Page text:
Behavior and Organizational Change
Current Research No. 7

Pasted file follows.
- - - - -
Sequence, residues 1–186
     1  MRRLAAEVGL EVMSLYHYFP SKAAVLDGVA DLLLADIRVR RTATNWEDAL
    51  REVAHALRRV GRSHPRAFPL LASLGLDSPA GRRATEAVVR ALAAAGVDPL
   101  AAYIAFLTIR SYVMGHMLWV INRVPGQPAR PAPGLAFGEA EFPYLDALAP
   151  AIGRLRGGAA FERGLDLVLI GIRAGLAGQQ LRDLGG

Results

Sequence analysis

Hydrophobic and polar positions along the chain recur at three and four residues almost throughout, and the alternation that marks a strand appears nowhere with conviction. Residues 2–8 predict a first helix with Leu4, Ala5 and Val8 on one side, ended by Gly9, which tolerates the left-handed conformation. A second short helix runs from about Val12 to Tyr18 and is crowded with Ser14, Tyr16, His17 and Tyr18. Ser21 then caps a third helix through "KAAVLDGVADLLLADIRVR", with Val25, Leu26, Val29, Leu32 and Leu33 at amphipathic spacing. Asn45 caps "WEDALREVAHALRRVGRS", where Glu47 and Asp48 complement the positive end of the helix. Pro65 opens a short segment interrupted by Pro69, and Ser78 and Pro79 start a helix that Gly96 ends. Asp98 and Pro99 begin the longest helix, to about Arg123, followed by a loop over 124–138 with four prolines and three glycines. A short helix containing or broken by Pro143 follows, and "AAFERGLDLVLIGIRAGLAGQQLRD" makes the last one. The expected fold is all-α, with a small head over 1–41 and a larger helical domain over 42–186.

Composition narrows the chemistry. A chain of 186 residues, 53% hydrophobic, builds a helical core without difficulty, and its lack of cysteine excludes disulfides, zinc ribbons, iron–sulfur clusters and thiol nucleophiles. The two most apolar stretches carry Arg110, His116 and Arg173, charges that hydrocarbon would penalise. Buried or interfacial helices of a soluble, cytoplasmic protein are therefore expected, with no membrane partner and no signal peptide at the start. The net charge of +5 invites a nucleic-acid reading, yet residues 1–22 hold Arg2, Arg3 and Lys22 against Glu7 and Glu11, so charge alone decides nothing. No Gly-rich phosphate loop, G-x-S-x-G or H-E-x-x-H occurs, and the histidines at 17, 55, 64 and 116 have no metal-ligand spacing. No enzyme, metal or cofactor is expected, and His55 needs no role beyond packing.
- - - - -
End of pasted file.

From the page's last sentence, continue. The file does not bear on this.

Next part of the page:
Advanced societies produce open and internationalized economies where competitiveness is a necessary requirement, although this in itself is not enough to guarantee sustained success. Social, political, and cultural complexities, along with increasingly greater social and collective needs, are another feature of the environment in question. Given this environment, companies and organizations in general have to maintain a high level of strategic tension and a significant capacity to adapt and be flexible when faced with different contingencies. Organizations must be driven by people who are committed to its goals, who actively participate in the management of labor processes, who have creative skills, and who are capable of getting along well with others and working as part of a team. Likewise, leaders must lean toward transformational or shared leadership, in which both the management and workers assume responsibility for growth. Cooperation between workers and managers is based on the experience that insofar as the company’s goals are achieved, so will those of each individual person. To appreciate the change, it is important to understand organizational behavior, as there can be no sustainable organizational change without a change in people’s behavior.